ACCESSORY BUILDING SETBACKS

The discussion of accessory building setbacks and potential amendments to the Flag Lot Ordinance are among the short-term goals the Council agreed upon in the March goal-setting work session.  Mr. Snyder used diagrams to explain setback requirements and buildable area, as well as roof pitch/height allowances.  He showed Google Earth images of accessory buildings in Centerville that do and do not conform, noting that increasing the setback for accessory buildings would make many more buildings non-conforming.  He reminded the Council that nonconforming structures cannot be expanded without Board of Adjustment approval.

Mayor Cutler asked Mr. Snyder to explain the argument against having accessory building setbacks based on building height.  Mr. Snyder responded that backyards have traditionally had fewer restrictions than front and side yards.  Mr. Snyder stated that citizens will not argue having increased setbacks for their neighbors, but he is not convinced that citizens would be willing to accept the consequences of increased accessory building setbacks for themselves.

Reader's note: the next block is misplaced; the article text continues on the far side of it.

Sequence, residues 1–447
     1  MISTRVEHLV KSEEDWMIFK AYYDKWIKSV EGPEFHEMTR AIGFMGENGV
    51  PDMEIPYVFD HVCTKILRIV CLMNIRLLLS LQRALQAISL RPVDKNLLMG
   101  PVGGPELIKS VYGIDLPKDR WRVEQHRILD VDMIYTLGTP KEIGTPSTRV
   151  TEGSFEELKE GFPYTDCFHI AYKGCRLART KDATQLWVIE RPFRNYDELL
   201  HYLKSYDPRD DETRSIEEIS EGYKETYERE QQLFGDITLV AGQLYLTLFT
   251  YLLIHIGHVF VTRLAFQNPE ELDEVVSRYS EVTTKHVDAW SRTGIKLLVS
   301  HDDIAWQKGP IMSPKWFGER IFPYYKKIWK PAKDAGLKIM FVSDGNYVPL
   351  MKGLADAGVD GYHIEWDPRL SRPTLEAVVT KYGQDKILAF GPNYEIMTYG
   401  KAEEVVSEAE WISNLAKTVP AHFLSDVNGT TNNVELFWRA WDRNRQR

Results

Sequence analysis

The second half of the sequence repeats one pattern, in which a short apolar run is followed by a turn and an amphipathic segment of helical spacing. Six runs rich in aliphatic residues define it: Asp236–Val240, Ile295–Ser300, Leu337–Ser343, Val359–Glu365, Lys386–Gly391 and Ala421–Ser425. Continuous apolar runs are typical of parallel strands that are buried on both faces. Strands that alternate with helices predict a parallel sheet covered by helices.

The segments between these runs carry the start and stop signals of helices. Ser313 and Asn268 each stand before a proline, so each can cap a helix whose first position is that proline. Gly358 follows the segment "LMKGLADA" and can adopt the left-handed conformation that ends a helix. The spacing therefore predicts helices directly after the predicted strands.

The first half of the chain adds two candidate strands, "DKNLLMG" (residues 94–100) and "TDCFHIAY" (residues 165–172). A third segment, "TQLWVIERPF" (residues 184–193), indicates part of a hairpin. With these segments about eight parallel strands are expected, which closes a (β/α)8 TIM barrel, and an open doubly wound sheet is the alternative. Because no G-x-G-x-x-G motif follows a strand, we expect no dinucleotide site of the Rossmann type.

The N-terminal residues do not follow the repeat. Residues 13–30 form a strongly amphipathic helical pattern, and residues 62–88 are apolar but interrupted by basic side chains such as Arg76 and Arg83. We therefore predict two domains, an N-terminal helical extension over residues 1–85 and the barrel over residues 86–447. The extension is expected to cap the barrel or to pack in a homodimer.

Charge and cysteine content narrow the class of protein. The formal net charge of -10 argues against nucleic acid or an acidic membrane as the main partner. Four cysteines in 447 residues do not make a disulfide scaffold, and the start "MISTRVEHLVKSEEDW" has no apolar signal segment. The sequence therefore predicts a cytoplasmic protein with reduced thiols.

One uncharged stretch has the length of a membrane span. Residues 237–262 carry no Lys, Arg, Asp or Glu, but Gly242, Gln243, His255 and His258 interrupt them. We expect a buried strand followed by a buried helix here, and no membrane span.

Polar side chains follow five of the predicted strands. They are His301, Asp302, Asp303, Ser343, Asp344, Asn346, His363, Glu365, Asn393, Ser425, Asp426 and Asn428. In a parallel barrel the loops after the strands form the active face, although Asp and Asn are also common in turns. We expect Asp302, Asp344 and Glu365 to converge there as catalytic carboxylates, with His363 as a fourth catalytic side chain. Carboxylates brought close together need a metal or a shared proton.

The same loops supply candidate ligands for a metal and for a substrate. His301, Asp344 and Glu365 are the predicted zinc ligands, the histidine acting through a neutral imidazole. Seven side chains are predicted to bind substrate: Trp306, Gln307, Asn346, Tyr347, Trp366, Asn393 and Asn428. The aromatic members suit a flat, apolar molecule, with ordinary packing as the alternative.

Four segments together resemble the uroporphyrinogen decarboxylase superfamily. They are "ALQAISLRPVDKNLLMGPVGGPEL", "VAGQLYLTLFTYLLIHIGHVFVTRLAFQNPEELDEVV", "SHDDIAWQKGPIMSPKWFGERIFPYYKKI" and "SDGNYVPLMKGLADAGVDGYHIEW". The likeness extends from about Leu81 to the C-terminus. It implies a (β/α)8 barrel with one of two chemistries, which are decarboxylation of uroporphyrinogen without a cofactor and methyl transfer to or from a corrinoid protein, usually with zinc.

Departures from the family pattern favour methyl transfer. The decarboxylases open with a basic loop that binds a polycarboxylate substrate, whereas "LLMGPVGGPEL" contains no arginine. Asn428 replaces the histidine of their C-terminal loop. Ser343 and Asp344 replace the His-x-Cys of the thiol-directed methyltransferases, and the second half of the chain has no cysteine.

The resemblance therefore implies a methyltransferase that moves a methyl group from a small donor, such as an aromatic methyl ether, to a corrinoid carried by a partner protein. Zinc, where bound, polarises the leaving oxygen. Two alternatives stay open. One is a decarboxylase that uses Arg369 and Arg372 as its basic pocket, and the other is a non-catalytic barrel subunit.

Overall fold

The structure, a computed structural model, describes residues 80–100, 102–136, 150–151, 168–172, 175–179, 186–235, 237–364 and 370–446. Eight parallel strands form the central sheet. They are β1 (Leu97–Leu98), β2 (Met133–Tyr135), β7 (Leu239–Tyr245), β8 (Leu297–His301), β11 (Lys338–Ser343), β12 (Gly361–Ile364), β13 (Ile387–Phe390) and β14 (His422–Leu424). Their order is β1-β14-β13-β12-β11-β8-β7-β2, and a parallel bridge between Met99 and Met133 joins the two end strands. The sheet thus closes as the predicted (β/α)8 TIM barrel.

POTENTIAL AMENDMENTS TO FLAG LOT ORDINANCE

Mr. Snyder explained existing flag lot setback requirements, and asked the Council to consider whether reducing the setbacks from 20 feet to 16 feet has caused significant impact.  Council members Ivie and Mecham stated they are uncomfortable with the idea that a tall home could be built in a backyard taking away the privacy of neighbors. Councilwoman Fillmore stated she feels that flag lots should be a rare exception.  Mayor Cutler said he can see some benefit to flag lots, especially on the north end of town.  Councilman Ince suggested the Council study the issue further and place it on an agenda in July.  The Council agreed.